Bord Gáis Networks has announced that the winner of the National Distribution Control Building at Dubber Cross, Finglas is Denis Byrne Architects. The RIAI (Royal Institute of the Architects of Ireland) administered the competition on behalf of Bord Gáis Networks, a division of Bord Gáis that constructs and extends the gas network in Ireland and connects all customers to the network. The services provided include safety and emergency response, pipeline service laying and modification and meter installations and alterations.
On announcing the winning entry, John Barry, Managing Director, Bord Gáis Networks said; “Bord Gáis has always had a strong commitment to environmental protection and sustainable development in its operations so these factors were critical in choosing a winning design. In addition, incorporating the critical functions carried out in this building, really the heart of Bord Gáis Networks operations, was a further challenge that had to be met. The standard of entries was exceptionally high but we are looking forward to working with Denis Byrne Architects on this exciting and innovative project.”
This open, two stage competition for the architectural design of a new Bord Gáis Networks Distribution Control Centre at Dubber Cross, Finglas, Dublin needed to address a number of issues particular to the project such as; the building needed to reflect the Bord Gáis Networks commitment to environmental protection, energy conservation and sustainable development; it needed to take into account the services carried out by Bord Gáis Networks; it needed to allow for a degree of flexibility of use in its internal planning; the site layout and design needed to have regard to the adjoining Charlestown development and the building should sit in harmony within its physical context.
The winning entry takes its inspiration from industrial and infrastructure buildings rather than a sophisticated office typology. The building provides a home base for the diversity of activities, both within the building and for its mobile staff checking in and out. Organised over two levels with gardens and circulation woven to an informal fabric of flowing internal and external spaces with meeting and social areas interspersed, the building promotes an inter-departmental, multi-disciplinary approach to staff interaction and organisation. A layer of perforated metal wraps the building as a light and permeable, yet robust protective skin that reacts and expresses sensitively both to the program behind and the external microclimate and the building’s orientation.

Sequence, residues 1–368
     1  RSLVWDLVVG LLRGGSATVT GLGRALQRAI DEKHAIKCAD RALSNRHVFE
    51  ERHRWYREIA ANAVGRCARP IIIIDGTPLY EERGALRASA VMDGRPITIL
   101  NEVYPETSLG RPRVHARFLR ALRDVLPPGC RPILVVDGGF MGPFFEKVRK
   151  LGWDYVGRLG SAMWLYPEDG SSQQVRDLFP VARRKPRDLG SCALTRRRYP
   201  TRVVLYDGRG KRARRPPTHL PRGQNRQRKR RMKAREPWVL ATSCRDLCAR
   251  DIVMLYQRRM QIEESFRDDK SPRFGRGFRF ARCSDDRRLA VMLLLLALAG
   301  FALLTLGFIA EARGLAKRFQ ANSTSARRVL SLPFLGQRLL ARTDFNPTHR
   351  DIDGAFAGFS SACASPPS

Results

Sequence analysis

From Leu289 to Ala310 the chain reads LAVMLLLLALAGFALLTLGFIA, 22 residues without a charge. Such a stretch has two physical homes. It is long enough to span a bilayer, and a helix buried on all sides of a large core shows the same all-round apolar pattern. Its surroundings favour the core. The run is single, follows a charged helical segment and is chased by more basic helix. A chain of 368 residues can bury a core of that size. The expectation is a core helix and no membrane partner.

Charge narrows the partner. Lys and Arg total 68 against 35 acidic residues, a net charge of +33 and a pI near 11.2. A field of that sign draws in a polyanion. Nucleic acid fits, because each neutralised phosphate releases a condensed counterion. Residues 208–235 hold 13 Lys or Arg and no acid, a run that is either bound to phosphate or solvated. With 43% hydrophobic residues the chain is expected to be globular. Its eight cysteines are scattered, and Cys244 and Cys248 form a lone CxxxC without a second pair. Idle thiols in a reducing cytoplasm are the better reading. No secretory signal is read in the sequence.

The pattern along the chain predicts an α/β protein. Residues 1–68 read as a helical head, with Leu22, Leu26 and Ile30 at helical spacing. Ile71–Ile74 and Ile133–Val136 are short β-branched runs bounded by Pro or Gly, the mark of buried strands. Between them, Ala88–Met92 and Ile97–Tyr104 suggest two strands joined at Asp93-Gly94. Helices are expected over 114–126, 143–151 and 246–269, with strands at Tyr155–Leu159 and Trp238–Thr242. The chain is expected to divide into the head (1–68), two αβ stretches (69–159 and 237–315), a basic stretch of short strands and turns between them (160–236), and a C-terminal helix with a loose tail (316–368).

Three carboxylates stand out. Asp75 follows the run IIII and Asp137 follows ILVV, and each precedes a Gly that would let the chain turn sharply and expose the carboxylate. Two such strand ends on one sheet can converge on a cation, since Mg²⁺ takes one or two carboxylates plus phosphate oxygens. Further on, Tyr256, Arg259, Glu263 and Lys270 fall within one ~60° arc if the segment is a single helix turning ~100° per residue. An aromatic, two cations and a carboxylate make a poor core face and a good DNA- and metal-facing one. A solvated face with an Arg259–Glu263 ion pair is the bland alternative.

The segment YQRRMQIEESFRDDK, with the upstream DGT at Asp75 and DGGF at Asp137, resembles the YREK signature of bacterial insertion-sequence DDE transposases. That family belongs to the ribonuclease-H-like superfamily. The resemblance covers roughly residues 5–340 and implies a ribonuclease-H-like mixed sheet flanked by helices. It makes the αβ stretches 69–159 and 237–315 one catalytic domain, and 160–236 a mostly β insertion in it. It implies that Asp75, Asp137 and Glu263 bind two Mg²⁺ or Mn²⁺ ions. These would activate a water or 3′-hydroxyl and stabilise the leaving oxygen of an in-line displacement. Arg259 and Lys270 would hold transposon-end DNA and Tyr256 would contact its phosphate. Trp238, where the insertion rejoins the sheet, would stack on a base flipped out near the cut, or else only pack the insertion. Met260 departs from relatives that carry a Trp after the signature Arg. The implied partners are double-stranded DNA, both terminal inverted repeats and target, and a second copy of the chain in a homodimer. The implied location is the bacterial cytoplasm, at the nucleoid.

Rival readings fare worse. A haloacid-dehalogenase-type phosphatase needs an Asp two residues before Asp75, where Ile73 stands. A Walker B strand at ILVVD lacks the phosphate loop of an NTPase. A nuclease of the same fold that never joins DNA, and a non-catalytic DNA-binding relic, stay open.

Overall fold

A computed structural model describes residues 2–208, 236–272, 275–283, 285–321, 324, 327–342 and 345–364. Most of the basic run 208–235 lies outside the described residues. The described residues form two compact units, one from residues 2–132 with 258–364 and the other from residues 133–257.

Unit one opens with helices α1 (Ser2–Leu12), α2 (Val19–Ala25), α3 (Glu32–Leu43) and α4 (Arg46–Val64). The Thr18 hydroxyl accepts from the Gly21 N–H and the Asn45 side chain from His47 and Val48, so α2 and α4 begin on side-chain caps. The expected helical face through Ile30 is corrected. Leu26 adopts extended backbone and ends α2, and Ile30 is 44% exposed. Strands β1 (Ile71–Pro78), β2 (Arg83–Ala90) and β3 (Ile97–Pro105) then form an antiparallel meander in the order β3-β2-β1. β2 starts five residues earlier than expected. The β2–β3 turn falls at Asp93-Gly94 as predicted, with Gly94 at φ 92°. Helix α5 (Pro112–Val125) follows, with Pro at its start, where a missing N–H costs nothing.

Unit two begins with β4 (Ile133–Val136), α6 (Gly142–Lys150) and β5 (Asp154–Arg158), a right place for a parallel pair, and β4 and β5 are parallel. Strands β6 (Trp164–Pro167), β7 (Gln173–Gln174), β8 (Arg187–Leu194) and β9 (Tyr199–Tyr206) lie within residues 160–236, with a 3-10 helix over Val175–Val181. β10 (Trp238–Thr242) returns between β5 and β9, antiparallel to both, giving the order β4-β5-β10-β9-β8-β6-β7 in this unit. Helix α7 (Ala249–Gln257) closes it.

At Stage 1, a very wide range of design and site configuration solutions were proposed in the 56 competition entries, ranging from a multi-storey tower block to a one-storey complex covering the entire site. The jury selected eight entries to go forward to Stage 2 of the competition.
At Stage 2 the jury was most impressed with the well considered responses to be brief from the eight short-listed entries. There was an interesting range of designs and approaches taken to addressing the brief and all were worthy of serious consideration. While the final decision was difficult given the high design quality of each of the eight finalists, the unanimous view of the jury was that the Denis Byrne Architects submission was the clear winner.
The winning scheme offered an innovative and achievable work of modern architecture. The entry scored very high from a sustainability point of view. The project utilised the site well, making the building at the southern end and locating the parking behind it. The amorphous external form with projecting tower (which would be visible across the M50) was innovative; the internal layout studded with natural ventilation courtyards was flexible and interesting, offering cross views to landscape. The relationship between the different working areas was appropriate with the sense of a common working environment.
The unsuccessful shortlist submissions were NORD LLP, VMX Architects, Heneghan Peng Architects, Lawrence & Long, Hascher + Jehle Planungsgeselschaft mbH, Bucholz McEvoy Architects Ltd., and Oliver Chapman Architects.